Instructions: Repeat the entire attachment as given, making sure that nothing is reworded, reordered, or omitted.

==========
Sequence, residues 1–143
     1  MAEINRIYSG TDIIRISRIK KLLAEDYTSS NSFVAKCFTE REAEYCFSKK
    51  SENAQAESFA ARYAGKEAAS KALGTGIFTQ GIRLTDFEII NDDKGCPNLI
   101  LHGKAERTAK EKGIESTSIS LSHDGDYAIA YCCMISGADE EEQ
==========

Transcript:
Sequence, residues 1–143
     1  MAEINRIYSG TDIIRISRIK KLLAEDYTSS NSFVAKCFTE REAEYCFSKK
    51  SENAQAESFA ARYAGKEAAS KALGTGIFTQ GIRLTDFEII NDDKGCPNLI
   101  LHGKAERTAK EKGIESTSIS LSHDGDYAIA YCCMISGADE EEQ